A new type of high-frequency acoustic wave propagating in the sun appears to be against expectations have discovered.
The waves appear on the Sun’s surface as patterns of swirling vortices moving against the Sun’s rotation. The worry is that these high-frequency retrograde vorticity waves appear to be moving three times faster than the theory predicted, and solar physicists are unable to find out why.
The discovery suggests that there is new solar physics to discover and also provides new insights into the Sun’s internal properties and activities.
Although we cannot really see inside the Sun, stars are outstanding in that their internal processes can frequently be inferred based on surface activity.
Acoustic waves in particular can tell us a lot. They’re generated near the surface and then partially or fully reflected inward, where they resonate and create acoustic oscillations. Solar scientists study these oscillations to learn more about the Sun’s interior.
A group of scientists led by solar physicist Chris Hanson of New York University, Abu Dhabi, studied & analyzed such data, using 24 years of observations from the ground-based Global Oscillation Network Group and 10 years of observations from the space-based Helio-seismic and Magnetic Imager.
In the data, researchers discover a very consistent signal that their analysis reveals as the presence of waves never seen before. These formed a vortices pattern on the sun’s surface with an anti-symmetry between the north and south poles moving against the solar rotation.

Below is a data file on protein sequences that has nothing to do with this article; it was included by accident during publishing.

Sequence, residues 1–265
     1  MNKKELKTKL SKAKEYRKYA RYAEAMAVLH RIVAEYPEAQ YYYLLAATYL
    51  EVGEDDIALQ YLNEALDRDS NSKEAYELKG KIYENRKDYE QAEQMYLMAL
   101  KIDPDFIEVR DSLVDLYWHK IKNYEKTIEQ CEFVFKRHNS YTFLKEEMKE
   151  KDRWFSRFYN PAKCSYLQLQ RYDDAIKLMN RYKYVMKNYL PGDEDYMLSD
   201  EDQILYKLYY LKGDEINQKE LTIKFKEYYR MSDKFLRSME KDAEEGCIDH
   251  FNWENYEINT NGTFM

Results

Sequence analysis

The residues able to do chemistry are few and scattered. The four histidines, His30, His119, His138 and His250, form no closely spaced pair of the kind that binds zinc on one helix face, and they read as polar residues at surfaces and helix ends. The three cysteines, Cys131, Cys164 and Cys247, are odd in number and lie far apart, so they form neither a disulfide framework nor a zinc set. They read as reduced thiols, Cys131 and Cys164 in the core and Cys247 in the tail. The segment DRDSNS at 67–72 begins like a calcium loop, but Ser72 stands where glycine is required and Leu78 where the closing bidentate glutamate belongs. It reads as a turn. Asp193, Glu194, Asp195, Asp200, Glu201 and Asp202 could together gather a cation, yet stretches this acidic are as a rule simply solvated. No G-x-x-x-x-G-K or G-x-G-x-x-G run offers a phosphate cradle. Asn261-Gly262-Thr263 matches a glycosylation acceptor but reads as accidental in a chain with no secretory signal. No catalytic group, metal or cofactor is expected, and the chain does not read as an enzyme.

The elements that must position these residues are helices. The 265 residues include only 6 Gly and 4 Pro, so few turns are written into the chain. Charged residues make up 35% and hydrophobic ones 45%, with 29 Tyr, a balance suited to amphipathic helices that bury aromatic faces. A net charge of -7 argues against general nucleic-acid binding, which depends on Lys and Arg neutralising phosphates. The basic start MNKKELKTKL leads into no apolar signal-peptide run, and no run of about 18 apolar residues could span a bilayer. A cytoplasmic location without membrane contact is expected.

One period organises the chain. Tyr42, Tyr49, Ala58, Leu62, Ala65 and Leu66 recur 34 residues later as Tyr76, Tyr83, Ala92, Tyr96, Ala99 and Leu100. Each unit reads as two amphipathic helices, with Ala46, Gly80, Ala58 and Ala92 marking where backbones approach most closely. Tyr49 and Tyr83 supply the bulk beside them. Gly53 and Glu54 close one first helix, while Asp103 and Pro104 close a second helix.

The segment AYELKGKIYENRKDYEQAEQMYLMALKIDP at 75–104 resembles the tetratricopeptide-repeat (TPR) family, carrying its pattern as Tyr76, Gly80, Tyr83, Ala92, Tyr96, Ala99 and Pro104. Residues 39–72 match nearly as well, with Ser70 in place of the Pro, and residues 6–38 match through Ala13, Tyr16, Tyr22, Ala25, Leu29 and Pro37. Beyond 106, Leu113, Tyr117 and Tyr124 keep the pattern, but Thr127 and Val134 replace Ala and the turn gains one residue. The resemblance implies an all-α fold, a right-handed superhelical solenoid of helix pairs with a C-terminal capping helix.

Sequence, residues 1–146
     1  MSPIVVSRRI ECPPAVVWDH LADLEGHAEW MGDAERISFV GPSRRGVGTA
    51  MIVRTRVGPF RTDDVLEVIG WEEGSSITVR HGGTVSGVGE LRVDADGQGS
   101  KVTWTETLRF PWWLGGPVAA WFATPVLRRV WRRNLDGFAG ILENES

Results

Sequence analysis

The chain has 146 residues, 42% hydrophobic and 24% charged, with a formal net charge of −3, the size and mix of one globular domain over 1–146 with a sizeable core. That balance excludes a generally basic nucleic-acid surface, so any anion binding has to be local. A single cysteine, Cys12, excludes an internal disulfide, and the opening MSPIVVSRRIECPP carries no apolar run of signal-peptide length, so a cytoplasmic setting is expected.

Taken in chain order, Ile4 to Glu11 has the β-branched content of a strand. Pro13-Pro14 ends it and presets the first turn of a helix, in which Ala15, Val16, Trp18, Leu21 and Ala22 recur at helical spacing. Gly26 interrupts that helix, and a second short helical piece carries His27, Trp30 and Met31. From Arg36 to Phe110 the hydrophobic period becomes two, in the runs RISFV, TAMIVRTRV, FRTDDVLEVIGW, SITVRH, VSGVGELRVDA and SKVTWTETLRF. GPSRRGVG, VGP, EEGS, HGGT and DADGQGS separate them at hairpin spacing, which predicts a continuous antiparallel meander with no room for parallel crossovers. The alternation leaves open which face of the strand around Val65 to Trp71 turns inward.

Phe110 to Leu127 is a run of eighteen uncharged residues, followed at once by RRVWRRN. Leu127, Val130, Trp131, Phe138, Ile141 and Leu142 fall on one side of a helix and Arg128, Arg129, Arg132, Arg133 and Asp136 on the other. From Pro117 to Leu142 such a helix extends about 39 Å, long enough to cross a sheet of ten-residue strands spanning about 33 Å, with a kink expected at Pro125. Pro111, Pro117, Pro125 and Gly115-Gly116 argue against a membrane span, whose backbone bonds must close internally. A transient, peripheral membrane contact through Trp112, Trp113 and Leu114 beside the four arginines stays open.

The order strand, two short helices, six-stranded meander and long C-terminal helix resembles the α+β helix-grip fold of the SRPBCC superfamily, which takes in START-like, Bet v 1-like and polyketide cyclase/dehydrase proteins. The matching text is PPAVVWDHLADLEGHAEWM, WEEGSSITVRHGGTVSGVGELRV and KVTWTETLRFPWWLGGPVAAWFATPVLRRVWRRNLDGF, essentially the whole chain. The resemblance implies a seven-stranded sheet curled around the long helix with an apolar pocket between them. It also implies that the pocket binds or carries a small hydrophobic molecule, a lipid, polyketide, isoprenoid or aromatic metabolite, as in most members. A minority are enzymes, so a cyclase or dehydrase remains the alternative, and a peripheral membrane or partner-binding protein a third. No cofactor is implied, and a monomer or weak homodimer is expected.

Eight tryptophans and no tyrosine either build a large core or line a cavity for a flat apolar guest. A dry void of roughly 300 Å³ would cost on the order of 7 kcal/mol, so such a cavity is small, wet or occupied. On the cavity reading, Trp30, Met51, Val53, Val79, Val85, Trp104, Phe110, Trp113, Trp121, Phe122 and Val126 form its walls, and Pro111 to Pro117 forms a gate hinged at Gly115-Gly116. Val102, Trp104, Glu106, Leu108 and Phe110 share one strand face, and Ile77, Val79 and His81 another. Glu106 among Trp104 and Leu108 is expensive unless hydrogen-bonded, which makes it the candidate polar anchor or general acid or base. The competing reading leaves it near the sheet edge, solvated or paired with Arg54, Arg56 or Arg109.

However, the fact that these waves are moving three times faster than expected poses a mystery. The team examined a number of possibilities for what was happening.
First, the Coriolis force, the way a spinning spherical object’s equator moves faster than its poles, excites vorticity waves that we know can occur here on Earth.
So, there are 3 mechanisms which could affect and modify the waves: magnetism, gravity or convection. However, none of them could explain the observation data.
“If high-frequency retrograde waves could be attributed to one of these three processes, then the finding would have answered some of the unanswered questions we still have about the Sun,” says Hanson.
“However, these new waves do not appear to be the result of these processes and this is exciting because it results to an entire new set of questions.
This suggests the researchers to say that our models of the Sun are missing or poorly constrained information that could solve the puzzle.
It is also relevant something closer to home. Scientists found high-frequency waves in the ocean, propagating up to 4 times greater than theory predicted, which have proven very hard to explain. Studying both phenomena together could help to resolve the mystery behind them.
“The very-existence of high-frequency retrograde modes and their origin is a real mystery and could allude to the exciting physics at play,” says physicist Shravan Hanasoge of New York University, Abu Dhabi.
“It has the potential to shed light on the otherwise unobservable interior of the Sun.
The research was published in Nature Astronomy.